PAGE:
Aaron Aaron - 1 month ago 12
TypeScript Question

Using a generic type argument with `typeof T`

I have a factory-like function that is meant to return an sub-class instance of

BaseApi
. It currently looks something like this (trimmed out irrelevant parts):

function getApi<T extends BaseApi>(apiClass: typeof BaseApi): T {
return new apiClass();
}


And I use it like this:

const someApi = getApi<SomeApi>(SomeApi);


This works, but I would like
<SomeApi>
to be inferred by virtue of the fact that I'm passing the
SomeApi
constructor in. If I omit
<SomeApi>
then
someApi
is inferred to be of type
BaseApi
, not
SomeApi
. Worse, there's really no compiler correlation between
<T extends BaseApi>
and
typeof BaseApi
being the same thing, so you can incorrectly do something like
getApi<SecondApi>(FirstApi)
without a compiler error.

So I tried defining the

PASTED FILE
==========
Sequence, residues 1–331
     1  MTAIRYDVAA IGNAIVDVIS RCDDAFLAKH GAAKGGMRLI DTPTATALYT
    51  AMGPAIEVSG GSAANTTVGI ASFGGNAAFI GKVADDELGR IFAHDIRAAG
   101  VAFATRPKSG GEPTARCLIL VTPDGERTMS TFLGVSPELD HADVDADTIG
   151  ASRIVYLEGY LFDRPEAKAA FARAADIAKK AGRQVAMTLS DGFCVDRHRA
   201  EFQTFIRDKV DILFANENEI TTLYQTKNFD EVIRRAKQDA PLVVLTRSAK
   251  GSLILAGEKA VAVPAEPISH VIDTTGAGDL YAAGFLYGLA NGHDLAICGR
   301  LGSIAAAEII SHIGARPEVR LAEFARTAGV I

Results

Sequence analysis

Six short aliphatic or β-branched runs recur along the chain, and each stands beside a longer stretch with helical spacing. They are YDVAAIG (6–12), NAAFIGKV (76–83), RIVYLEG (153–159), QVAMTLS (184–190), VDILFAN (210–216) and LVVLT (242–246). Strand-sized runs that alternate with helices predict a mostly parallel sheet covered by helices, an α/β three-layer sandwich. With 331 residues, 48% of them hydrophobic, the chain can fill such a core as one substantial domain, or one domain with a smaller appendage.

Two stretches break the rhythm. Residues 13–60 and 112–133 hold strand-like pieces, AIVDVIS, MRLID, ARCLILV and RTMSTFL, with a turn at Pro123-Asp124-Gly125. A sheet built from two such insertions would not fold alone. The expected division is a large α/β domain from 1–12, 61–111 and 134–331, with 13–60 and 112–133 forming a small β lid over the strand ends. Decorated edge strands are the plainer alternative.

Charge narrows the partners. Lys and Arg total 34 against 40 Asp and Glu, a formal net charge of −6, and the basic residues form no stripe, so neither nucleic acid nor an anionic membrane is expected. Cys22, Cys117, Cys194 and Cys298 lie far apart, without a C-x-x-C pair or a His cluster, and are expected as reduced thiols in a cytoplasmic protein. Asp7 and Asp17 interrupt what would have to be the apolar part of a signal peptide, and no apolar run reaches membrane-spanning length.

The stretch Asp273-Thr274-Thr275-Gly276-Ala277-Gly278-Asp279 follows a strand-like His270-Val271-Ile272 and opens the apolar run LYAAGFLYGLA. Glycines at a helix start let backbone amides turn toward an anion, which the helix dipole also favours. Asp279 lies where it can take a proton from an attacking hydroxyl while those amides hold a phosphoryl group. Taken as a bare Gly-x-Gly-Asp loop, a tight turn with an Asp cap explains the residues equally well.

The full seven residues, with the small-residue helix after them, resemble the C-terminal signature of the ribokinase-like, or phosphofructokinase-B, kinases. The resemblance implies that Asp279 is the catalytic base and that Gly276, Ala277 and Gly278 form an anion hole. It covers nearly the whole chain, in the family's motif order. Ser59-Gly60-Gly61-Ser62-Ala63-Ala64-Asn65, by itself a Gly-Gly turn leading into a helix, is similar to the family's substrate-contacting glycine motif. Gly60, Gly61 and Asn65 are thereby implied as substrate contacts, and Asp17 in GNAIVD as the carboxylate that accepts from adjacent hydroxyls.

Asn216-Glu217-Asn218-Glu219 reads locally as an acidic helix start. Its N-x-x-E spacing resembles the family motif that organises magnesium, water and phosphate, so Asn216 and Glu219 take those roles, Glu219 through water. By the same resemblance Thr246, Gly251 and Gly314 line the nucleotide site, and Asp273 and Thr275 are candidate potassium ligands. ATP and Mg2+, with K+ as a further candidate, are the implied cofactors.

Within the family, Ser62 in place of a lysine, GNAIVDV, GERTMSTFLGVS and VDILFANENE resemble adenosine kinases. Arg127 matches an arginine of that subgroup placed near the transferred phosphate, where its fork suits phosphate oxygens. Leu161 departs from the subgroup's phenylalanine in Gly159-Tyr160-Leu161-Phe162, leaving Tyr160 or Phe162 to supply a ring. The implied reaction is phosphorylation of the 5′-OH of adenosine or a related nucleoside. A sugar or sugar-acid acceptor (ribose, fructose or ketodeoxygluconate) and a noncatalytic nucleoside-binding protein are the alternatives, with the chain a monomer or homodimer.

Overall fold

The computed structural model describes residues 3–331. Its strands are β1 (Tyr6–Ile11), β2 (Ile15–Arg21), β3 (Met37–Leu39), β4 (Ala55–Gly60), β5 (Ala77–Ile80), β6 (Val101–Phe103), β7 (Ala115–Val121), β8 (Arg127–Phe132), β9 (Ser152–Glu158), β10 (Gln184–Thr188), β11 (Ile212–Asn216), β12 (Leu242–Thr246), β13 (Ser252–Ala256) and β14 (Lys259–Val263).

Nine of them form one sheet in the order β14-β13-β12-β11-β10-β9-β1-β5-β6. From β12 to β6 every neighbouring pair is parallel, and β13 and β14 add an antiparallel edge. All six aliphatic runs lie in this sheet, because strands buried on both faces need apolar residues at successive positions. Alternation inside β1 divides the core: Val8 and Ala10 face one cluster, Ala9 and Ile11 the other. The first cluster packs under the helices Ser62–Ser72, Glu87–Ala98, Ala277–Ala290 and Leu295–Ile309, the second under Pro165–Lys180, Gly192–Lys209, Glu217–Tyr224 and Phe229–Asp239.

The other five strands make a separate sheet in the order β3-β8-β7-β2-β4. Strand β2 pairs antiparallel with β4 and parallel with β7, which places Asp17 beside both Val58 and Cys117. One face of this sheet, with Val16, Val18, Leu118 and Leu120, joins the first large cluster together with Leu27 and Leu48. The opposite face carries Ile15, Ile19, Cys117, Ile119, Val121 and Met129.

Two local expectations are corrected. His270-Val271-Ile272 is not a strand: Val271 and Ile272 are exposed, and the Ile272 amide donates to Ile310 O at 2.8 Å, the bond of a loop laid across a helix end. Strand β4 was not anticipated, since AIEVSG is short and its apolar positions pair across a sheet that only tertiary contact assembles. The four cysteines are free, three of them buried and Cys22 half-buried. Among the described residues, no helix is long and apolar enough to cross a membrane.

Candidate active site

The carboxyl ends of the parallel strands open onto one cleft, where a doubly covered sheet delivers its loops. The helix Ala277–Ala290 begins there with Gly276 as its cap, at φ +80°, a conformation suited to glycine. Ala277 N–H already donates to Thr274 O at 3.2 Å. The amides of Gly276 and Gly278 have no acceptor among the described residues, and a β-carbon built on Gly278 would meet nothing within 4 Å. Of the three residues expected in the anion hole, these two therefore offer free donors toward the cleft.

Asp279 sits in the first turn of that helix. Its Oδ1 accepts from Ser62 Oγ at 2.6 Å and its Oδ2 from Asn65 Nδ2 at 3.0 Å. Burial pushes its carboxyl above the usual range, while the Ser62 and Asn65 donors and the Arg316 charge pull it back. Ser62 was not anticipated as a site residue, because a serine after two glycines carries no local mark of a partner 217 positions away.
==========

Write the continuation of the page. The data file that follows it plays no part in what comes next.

apiClass
as
typeof T
:

function getApi<T extends BaseApi>(apiClass: typeof T): T {
return new apiClass();
}


And I found that TS did not understand this usage of
T
. Is there any way to do this?

Answer

What you actually want is new() => T, since you intend to use the argument as a constructor and produce a T. Even if you could write typeof T, that wouldn't be what you want, since T might not have a zero-argument constructor.

Remember that the typeof operator takes a value and produces a value. T is already a type; it is not a value.

Naturally, this is addressed in the TypeScript FAQ https://github.com/Microsoft/TypeScript/wiki/FAQ#why-cant-i-write-typeof-t-new-t-or-instanceof-t-in-my-generic-function

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